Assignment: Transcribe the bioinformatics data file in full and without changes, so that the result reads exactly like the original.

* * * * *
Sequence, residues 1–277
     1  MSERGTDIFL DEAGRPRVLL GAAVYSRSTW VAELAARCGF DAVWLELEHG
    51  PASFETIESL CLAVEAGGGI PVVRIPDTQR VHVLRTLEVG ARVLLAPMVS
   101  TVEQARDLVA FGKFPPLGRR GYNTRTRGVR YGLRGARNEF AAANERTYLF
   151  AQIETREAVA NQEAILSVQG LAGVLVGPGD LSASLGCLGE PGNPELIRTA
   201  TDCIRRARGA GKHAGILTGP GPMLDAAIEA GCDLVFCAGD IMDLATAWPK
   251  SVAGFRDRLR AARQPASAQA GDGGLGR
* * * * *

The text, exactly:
Sequence, residues 1–277
     1  MSERGTDIFL DEAGRPRVLL GAAVYSRSTW VAELAARCGF DAVWLELEHG
    51  PASFETIESL CLAVEAGGGI PVVRIPDTQR VHVLRTLEVG ARVLLAPMVS
   101  TVEQARDLVA FGKFPPLGRR GYNTRTRGVR YGLRGARNEF AAANERTYLF
   151  AQIETREAVA NQEAILSVQG LAGVLVGPGD LSASLGCLGE PGNPELIRTA
   201  TDCIRRARGA GKHAGILTGP GPMLDAAIEA GCDLVFCAGD IMDLATAWPK
   251  SVAGFRDRLR AARQPASAQA GDGGLGR